New speed camera technology going live across Queensland

NEW speed camera technology will go live across Queensland next month.

New speed camera technology will target speeding drivers in school zones and roadworks from next month. PHOTO: Supplied.

The cameras will target speeding drivers in school zones and roadworks across the state – in a world-first road safety initiative.

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Transport and Main Roads Minister Mark Bailey’s announcement coincides with Road Safety Week (22 to 26 August).

“I’m pleased to announce that new cameras will target speeding drivers in both school and roadworks zones to keep Queensland kids and workers safe,” Mr Bailey said.

“I don’t want to see another roadworker killed or someone’s child badly injured on their way to school just because of the recklessness of a speeding driver.

“These cameras will pop up in high-risk locations next month so I am giving Queenslanders fair warning that these can be anywhere, anytime.

“It’s vital we do everything we can to keep the vulnerable in our community safe on our roads and these cameras will help to achieve that.”

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Mr Bailey said the initiative echoes the theme of this year’s Queensland Road Safety Week, ‘road safety starts with me’ – highlighting every road user has a role to play in keeping themselves and others safe while on or near our roads.

“For the eighth year, we’re partnering with Queensland Police Service to celebrate the many ways Queenslanders can help to make our roads safer every day,” he said.

“Every day, across the road network, yellow is used for safety reminders such as our warning signs, high-visibility workwear and even our learner driver plates.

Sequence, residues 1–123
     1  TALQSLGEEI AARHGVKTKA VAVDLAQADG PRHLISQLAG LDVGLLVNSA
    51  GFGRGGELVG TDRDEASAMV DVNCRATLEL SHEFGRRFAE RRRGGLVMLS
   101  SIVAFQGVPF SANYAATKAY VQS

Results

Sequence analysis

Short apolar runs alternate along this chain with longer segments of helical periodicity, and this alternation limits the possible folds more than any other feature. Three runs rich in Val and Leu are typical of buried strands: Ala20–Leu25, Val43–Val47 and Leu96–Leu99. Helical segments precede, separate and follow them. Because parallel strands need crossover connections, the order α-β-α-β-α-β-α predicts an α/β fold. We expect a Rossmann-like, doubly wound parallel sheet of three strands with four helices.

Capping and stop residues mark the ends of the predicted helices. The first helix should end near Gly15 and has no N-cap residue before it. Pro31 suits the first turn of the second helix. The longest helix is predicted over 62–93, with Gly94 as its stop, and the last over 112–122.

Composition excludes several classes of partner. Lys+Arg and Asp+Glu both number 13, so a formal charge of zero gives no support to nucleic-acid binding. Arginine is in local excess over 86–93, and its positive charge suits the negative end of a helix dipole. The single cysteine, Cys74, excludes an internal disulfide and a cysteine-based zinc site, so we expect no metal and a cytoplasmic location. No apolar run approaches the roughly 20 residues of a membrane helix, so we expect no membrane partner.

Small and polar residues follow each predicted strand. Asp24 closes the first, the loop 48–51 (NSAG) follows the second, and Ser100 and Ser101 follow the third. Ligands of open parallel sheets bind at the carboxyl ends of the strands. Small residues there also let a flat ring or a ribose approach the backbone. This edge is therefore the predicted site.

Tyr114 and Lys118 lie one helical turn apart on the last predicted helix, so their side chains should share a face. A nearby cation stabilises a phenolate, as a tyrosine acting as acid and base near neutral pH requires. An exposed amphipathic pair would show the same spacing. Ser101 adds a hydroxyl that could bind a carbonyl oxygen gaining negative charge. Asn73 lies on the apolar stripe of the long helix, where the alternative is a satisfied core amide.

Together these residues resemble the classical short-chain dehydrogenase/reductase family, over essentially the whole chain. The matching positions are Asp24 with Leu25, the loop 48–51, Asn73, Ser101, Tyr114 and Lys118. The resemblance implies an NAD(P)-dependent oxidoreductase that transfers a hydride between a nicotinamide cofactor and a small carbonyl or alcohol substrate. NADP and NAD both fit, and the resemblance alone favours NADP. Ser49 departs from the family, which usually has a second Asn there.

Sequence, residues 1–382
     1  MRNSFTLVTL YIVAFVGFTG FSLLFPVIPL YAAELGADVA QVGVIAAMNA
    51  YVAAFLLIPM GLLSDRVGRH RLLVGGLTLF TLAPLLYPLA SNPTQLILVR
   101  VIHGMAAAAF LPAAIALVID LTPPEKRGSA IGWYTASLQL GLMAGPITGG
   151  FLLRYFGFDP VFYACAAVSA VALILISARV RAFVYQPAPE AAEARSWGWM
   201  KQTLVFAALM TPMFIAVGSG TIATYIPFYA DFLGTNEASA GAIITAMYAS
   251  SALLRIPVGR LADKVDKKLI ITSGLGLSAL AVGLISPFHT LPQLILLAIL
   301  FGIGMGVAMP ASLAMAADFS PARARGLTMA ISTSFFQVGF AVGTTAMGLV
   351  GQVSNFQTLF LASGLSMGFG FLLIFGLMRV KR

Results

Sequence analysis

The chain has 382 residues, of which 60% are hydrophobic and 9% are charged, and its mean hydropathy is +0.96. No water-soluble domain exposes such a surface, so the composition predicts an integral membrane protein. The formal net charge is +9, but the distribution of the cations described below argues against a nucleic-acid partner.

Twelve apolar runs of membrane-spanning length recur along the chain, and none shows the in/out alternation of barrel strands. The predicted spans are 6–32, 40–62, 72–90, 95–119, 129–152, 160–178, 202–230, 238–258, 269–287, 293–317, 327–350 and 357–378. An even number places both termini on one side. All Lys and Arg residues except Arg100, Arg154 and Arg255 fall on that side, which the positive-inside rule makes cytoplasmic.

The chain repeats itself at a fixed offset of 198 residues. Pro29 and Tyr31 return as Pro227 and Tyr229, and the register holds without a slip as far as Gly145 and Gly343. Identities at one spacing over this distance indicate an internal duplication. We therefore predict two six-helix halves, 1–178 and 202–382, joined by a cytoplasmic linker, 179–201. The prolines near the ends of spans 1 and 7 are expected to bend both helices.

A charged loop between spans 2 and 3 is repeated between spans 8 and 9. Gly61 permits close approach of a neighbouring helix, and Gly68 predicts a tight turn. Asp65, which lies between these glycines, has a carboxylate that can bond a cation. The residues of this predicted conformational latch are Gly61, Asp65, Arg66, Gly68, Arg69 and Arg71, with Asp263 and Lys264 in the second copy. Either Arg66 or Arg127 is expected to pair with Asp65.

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“We’re asking Queenslanders to ‘wear and share yellow’ to show their support for road safety by wearing an item of yellow clothing, hosting a yellow event, or sharing a safety message on social media.”

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Superintendent Janelle Andrews said speeding was one of the leading causes of fatalities and serious injuries on Queensland’s roads.

“Speeding is one of the leading causes of fatalities and serious injuries on Queensland’s roads,” Superintendent Janelle Andrews said.

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“During 2021 there were 74 fatalities as the result of crashes involving speeding motorists, representing almost 27 per cent of Queensland road fatalities.

“Thousands more road users are seriously injured in crashes.

“Speed kills and there is no apology for enforcing speed limits in school zones and roadworks sites.

“No one wants to carry the guilt of the death or injury of a child walking to or from school, or a roadworker simply carrying out their job.

“These new speed cameras force drivers to slow down in order to avoid a fine or incur demerit points, there is no penalty for doing the right thing.”

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TMR Director-General Neil Scales said the cameras were different for roadworks sites and school zones.